Written by Taeyang Yoon
There is a pretty nice Korean community in the Rowland Heights/Diamond Bar area on the border of Los Angeles and Orange counties. Along Colima Road, between Fullerton Road and Fairway Drive, you can find a number of Korean and Chinese restaurants.
I was having one of those Mondays. A day filled with meetings and odd waiting times led me to skip lunch. After the last meeting, I got in the car and just started to drive. Traffic in Los Angeles was no joke that day — typical Monday evening going-home traffic. I wanted to wait until I got home to eat, but I just couldn’t hold off the hunger any longer.
On this day, due to some silly drivers on the road and bad construction markings, I ended up at Galleria Market Plaza at the corner of Fullerton and Colima roads. In the shopping center, my choices narrowed down to either a tonkatsu restaurant or Go Hyang Tofu Restaurant. The Korean script above the English sign read, Gohyang Sulungtang, or “Hometown Sulung Soup.”
It is a small place, with about 25 seats. The straightforward menu had no appetizers but various soondubu soups and some other Korean favorites. It seems this restaurant specializes in two main tang dishes — soondubu, or soft tofu, and sulung.
As for banchan, or side dishes, I was served baechu kimchi, the common spicy Nappa cabbage kind of pickled vegetables; gagtooki, or cubed daikon radish kimchi; and soy sauce–braised potatoes.
If sulungtang is in the name of the joint, it had to be good. My bowl of it came a couple of minutes after the banchan. The broth looked great. I added some sea salt and chopped green onions to my taste. Then, I dumped the accompanying bowlful of rice into the soup.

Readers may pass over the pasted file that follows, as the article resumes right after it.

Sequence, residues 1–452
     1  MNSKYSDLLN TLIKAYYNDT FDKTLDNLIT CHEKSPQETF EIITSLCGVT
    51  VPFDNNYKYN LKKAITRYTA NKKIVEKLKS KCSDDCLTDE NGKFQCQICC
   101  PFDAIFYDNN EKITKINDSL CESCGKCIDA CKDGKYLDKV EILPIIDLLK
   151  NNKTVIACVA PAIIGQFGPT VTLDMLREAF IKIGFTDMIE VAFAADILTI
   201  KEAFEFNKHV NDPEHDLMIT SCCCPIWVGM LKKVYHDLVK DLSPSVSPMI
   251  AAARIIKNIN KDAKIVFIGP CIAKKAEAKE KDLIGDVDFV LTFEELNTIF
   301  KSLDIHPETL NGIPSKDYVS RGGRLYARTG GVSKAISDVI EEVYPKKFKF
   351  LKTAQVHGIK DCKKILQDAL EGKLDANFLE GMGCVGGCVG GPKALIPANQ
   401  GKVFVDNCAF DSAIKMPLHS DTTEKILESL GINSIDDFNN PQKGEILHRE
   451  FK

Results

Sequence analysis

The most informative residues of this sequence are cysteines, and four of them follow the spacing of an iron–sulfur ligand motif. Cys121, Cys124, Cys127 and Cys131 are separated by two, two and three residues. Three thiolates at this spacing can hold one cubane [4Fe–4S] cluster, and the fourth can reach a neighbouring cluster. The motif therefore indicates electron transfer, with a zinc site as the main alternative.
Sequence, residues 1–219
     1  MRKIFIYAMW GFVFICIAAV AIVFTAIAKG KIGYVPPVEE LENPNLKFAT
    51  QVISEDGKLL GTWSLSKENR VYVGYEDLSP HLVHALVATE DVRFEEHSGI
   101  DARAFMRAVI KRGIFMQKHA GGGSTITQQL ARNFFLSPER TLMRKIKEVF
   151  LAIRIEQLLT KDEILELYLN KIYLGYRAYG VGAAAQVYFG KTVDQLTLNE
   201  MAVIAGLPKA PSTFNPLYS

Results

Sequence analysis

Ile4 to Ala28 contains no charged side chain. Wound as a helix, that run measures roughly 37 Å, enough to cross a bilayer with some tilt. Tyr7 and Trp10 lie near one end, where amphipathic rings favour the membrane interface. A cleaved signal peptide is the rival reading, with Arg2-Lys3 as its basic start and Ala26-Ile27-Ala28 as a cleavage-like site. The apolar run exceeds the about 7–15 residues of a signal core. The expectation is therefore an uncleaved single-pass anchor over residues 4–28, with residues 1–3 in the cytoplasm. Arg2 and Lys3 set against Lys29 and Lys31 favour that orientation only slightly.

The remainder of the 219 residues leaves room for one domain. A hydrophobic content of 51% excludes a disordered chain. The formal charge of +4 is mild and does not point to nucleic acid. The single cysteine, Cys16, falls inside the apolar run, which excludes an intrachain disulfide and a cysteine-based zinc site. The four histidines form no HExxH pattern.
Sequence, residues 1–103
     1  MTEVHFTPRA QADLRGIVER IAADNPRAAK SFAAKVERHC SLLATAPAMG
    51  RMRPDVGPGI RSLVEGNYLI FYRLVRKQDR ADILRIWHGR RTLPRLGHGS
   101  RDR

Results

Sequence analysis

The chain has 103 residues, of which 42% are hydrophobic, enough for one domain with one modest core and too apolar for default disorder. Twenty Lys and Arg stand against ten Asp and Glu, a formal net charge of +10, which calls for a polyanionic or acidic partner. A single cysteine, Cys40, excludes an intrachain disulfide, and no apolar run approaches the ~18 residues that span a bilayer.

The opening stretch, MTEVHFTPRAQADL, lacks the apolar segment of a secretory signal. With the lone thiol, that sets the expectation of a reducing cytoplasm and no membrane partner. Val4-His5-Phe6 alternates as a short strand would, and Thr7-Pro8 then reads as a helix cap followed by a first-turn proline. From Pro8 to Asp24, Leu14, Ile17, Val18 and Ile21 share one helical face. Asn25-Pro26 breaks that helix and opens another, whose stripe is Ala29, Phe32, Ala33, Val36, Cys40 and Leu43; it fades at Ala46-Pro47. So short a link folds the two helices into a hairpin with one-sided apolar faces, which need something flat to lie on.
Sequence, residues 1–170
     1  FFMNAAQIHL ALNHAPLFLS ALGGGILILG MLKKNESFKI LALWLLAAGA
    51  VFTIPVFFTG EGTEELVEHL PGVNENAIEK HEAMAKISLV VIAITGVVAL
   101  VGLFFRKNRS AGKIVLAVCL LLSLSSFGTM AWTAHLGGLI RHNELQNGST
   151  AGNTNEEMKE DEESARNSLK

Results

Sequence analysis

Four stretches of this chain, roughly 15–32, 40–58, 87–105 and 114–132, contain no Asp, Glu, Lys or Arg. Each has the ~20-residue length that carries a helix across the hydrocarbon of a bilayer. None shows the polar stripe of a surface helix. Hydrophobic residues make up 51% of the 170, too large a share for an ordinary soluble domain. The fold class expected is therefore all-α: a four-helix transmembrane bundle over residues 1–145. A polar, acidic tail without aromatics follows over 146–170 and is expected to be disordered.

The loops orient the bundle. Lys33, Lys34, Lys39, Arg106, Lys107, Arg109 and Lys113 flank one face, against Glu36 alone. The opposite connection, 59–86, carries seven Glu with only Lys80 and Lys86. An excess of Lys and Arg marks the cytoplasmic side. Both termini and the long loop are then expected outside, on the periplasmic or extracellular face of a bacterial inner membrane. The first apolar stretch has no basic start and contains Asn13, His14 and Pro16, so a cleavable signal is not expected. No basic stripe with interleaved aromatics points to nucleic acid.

Personally, I’m a gomtang kind of a guy. If you like gomtang, you may not like sulungtang. The two soups may look very similar, but they are slightly different. Gomtang uses more types of bones in the stock and it’s cooked much, much longer, providing a much deeper taste. Sulungtang is lighter in taste, because it’s cooked relatively fast. Sulung is roughly translated “haste” or “hollow.”
Go Hyang’s sulungtang had nice texture or viscosity. The meat was excellently prepared, sliced thin and without the funny aftertaste it often has in basic Korean restaurants.
One reservation I had with the soup was the flavor was rather bland. I know, it was sulungtang and not gomtang, but there was absolutely no umami, or savory, taste to the broth. Maybe it was an off-day for the kitchen.
So, in the three categories that make a great Korean tang, Go Hyang gets top-notch scores on two: color/viscosity and meat preparation. This makes me want to go for a second time to confirm the impression.
Go Hyang Tofu Restaurant
18311 Colima Road
Rowland Heights, Calif.
[googleMap name=”Go Hyang Tofu Restaurant 고향설렁탕”]18311 Colima Road Rowland Heights, CA[/googleMap]
Taeyang Yoon is an entrepreneur who has owned and operated a small Asian fusion restaurant with a sushi/sake bar. He loves to marry flavors and textures from various parts of the world and tries to make them his own. Although, he is not professionally trained in a culinary school, nor journalism, that doesn’t stop him from opining on the world of food. He founded KarFarm.com and bokko10.com, and you can find him roaming around the San Francisco Bay Area or Southern California.